Miss Yu’s face was ashen as the search for him intensified. After 30 minutes, he was found passed out in a hotel stairway, apparently after having indulged in too much soju, a potent Korean liquor.

Even after he turned up, Miss Yu still looked unsettled. When I asked her how it felt to have one of her guests go missing, she told me, “My life just got shorter.”

Other highlights included a ride on Pyongyang’s subway, the world’s deepest system since it also was designed to double as bomb shelters in the event of nuclear attack, as well as a visit to the Arch of Triumph, a larger version of Paris’ well-known landmark.

We also visited a circus performance, a bowling alley and a department store (although we weren’t allowed to buy anything).

I wondered if anything was staged for the benefit of our group: crafted scenes that might show how “normal” life is in North Korea. I honestly don’t think that’s possible given how many places we visited and how many people we saw. There also were times I was allowed to wander out of eyeshot of our tour leaders.

Most all of our time was spent in the capital city, where all enjoy connections to the military or government and have a better quality of life. I had to remind myself that the scenes of “normalcy” that we saw here did not erase the existence of brutal prison camps and the hardships of rural life in North Korea.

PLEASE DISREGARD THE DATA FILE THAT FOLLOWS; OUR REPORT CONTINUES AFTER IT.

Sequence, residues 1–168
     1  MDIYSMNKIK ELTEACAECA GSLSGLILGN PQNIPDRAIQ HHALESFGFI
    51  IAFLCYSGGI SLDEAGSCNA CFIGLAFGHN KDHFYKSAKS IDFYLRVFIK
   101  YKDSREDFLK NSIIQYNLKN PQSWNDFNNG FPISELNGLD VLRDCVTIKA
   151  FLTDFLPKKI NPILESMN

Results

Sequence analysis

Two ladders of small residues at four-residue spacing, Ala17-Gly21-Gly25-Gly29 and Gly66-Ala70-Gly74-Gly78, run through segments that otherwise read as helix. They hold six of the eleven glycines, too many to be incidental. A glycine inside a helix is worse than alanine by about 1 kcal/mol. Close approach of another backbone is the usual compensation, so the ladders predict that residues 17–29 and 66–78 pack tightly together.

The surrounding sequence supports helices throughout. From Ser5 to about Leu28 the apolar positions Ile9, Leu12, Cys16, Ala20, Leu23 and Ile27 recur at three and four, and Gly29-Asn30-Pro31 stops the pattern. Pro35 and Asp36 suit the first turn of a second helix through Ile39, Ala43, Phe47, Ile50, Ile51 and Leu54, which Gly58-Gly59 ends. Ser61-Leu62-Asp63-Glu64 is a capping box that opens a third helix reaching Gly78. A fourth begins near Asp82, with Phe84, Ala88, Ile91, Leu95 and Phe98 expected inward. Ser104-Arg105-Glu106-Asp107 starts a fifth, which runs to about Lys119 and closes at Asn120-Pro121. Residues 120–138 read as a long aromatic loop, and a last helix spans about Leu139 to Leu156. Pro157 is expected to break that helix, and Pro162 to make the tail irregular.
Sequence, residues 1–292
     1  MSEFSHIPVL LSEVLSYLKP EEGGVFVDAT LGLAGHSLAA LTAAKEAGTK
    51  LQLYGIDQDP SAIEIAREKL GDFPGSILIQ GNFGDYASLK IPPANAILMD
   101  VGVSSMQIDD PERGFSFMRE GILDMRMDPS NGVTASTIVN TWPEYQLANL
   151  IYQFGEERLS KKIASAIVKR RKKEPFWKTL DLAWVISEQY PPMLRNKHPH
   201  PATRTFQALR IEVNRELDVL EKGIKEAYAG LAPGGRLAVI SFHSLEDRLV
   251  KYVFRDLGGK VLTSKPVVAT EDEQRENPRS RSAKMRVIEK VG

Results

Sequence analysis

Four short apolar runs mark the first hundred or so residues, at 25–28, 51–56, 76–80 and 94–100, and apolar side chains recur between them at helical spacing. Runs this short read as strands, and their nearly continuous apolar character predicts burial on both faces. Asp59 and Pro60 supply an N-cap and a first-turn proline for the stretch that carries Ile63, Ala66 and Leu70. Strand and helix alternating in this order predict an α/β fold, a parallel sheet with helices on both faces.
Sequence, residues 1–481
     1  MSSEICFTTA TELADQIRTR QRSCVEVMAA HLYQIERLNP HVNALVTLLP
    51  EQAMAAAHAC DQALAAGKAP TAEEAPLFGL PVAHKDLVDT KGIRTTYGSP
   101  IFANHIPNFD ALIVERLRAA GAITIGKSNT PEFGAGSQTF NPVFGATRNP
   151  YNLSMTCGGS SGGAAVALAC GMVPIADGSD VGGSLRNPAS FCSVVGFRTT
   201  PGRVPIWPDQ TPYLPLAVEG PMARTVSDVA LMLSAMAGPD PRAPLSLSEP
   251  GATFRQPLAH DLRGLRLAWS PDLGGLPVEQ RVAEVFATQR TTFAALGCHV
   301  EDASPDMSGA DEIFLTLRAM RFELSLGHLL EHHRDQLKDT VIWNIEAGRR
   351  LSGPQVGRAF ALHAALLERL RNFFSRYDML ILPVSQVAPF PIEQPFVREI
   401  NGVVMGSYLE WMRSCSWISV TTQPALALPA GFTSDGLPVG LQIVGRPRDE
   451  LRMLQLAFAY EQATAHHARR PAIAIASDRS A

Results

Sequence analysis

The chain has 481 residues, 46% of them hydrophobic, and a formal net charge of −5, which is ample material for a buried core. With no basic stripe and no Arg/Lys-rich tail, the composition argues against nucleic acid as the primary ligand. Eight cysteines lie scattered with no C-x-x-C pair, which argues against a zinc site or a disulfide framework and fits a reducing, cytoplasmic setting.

Our last night of the tour involved a big dinner with some drinking back at the hotel’s karaoke bar. Toward the end of the night, I wandered down to see some of my fellow tourists lip-syncing to the Village People song “YMCA.” They had adapted the chorus to celebrate our visit to North Korea, or as it’s officially known, the Democratic People’s Republic of Korea.

“D-P-R-K.

D-P-R-K.

It’s fun to stay in the DPRK.

It’s fun to stay in the DPRK.”

As I watched their performance, I realized “fun” is not the best word. “Surreal” is much better.

It’s only fitting that my last bit of drama also took place at the airport.